Thursday, March 14, 2013

What to do when it snows, AGAIN...

March came in like a lion and what do you do on Lion days when you're gardendwellers FARM?  You cook!

During our last snowstorm, about a week ago, I busied myself with making home made soup and bread.  I made my favorite stand by, Venison Mushroom Barley.  Since the weather man insists on predicting snow for tomorrow and cold weather this weekend, I thought it might be a good time to share my recipe.

First, I have to say that I've made this soup so often that the recipe is kind of more like a 'guideline' than a cast in stone commandment.  But here goes:

First, choose some good venison.  I use a roast and then cut it into one inch chunks.  After years of processing our own deer, the guys have learned that I prefer to have some packages of chunks to use in soup and stew and stir fry so now I always have bags ready for just such an occasion.  I thaw the meat then put it into our own marinade.  This is Barry's own made up by  him recipe and I most likely shouldn't share it but I'm going to: one tablespoon Lowry's Seasoning Salt, one tablespoon Steak dust - any brand, one teaspoon mesquite seasoning and a few jiggers of Worcestershire sauce in about one cup of water or enough water to cover the meat.  Let that marinade in the fridge overnight or for 6 hours or so.

Then, brown the meat. 

While the meat is browning, chop up carrots, onions, and celery.  I like to chop about a cup to cup and a half of each with the exception of carrots which Barry doesn't like cooked so I chop just enough of those to add some color - you could do a cup or so.  I put these veggies in my soup pot with a big daub of butter (about two tablespoons) and let them saute until slightly tender.
Then I chop up two containers of mushrooms.  I just use the button or shitake mushrooms but when I can and when I have them, I use the winecap mushrooms we grow here on the farm.

Then I chop up some garlic.  I like garlic so normally I use at least three cloves but for this batch I had to use up the last of the North Star Organic farm garlic from last year - pretty sad that its all gone but looking forward to buying more this summer.  You can see the variety I like best is Fire.

I add the mushrooms and the garlic to the sauteing veggies and let them cook another 2 to 3 minutes more then add the stock - one box of each beef and chicken...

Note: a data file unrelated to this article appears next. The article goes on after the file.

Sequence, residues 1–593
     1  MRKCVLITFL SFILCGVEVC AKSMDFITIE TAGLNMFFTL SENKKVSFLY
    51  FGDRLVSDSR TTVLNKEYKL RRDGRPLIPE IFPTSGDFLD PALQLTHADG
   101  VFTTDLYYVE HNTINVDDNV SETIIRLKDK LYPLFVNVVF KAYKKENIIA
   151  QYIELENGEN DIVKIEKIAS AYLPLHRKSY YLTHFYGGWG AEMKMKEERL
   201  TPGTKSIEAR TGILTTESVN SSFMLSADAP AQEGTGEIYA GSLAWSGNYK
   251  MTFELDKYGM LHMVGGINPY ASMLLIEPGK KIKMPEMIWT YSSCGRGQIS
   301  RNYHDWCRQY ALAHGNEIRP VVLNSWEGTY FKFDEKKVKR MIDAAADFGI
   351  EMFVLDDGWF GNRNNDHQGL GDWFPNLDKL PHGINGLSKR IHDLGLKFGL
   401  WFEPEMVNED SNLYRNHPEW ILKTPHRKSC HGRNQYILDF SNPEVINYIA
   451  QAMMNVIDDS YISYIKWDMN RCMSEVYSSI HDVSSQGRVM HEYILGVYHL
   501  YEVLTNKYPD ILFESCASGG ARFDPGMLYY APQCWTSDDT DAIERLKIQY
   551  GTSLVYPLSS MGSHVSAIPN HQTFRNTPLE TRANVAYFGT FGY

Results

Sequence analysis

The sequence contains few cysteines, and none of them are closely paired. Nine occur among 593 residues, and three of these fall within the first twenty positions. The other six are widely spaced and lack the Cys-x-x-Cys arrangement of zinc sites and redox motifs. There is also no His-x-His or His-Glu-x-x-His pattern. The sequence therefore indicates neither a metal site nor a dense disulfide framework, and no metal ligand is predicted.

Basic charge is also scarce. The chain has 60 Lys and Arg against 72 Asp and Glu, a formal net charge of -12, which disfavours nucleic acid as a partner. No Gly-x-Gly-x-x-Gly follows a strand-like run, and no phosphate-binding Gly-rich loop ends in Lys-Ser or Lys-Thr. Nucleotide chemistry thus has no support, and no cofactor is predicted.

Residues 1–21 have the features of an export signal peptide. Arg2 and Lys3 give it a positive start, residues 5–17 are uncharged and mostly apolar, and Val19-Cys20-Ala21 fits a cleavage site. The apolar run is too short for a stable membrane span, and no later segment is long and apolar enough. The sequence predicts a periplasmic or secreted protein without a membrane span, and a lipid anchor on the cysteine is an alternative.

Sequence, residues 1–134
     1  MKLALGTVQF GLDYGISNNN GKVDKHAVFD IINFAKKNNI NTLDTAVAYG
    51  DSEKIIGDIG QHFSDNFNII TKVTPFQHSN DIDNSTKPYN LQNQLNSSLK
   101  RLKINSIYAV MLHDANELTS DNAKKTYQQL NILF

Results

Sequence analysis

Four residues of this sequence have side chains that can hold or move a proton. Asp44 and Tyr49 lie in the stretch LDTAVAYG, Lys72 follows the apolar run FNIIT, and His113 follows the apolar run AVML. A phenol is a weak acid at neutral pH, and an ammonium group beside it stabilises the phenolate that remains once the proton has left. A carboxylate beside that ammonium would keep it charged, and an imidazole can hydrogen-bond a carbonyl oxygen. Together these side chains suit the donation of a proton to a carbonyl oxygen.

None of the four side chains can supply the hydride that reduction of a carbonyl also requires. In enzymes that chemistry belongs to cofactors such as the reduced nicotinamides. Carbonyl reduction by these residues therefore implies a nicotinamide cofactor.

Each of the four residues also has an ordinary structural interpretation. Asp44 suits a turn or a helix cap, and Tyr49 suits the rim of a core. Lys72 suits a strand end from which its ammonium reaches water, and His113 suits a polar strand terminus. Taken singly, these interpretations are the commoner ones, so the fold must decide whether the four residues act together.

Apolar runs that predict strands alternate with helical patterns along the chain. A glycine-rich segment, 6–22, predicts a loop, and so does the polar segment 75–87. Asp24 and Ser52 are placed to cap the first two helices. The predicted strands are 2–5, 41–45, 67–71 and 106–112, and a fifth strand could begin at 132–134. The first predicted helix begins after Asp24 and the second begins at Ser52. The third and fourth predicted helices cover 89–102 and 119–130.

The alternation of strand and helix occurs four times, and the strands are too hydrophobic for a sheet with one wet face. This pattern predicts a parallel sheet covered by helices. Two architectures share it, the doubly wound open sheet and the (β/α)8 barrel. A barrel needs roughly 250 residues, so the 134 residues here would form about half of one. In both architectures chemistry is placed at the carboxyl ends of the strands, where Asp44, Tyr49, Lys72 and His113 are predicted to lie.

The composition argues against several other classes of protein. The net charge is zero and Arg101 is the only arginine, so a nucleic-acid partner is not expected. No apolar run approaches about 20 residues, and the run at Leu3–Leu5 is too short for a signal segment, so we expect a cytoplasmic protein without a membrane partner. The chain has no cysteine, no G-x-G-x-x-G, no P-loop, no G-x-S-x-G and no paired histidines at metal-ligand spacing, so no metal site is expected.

Then I add the winter savory.  You'd think as an herb farm I'd have this fabulous spice rack and spice cupboard - but its not true.  I keep a lot of my dried herbs in resealable plastic bags.  That way I can keep them as whole as possible until I use them and the added benefit is that you can just kind of crush the bag to remove them from the stems and then reach in to the bottom of the bag to get the herb leaves.

Winter savory has a little peppery flavor that goes well with the venison and veggies and it also has that strong, warm, comfort food feel to it.  Again, I don't measure, I just add a lot because I know we like it.  If I had to guess I'd say about two tablespoons of the dried winter savory.
I stir that all up then add the meat back in and finally I add a little salt and the barley.  About a cup of dry barley goes in because I like barley.

Here comes the best part.  Let all this sit and simmer for an hour or more.  It fills the house with this great smell and you'll find the whole family sneaking in for a nibble every once in a while.

While that simmers I bake off the bread that has been rising all day.  That also made the house smell great.

I made two baguettes as I like a crusty bread with soup.

That's it!  My favorite winter time, stuck in the house cause its snowing outside activity.  Enough to be shared with everyone!  It always amazes me when I can eat venison that tastes this good that some hunters make their whole deer into sausage - what a waste! 

So this weekend, if we get more snow and you end up inside - do a little cooking.  It's good for the heart.

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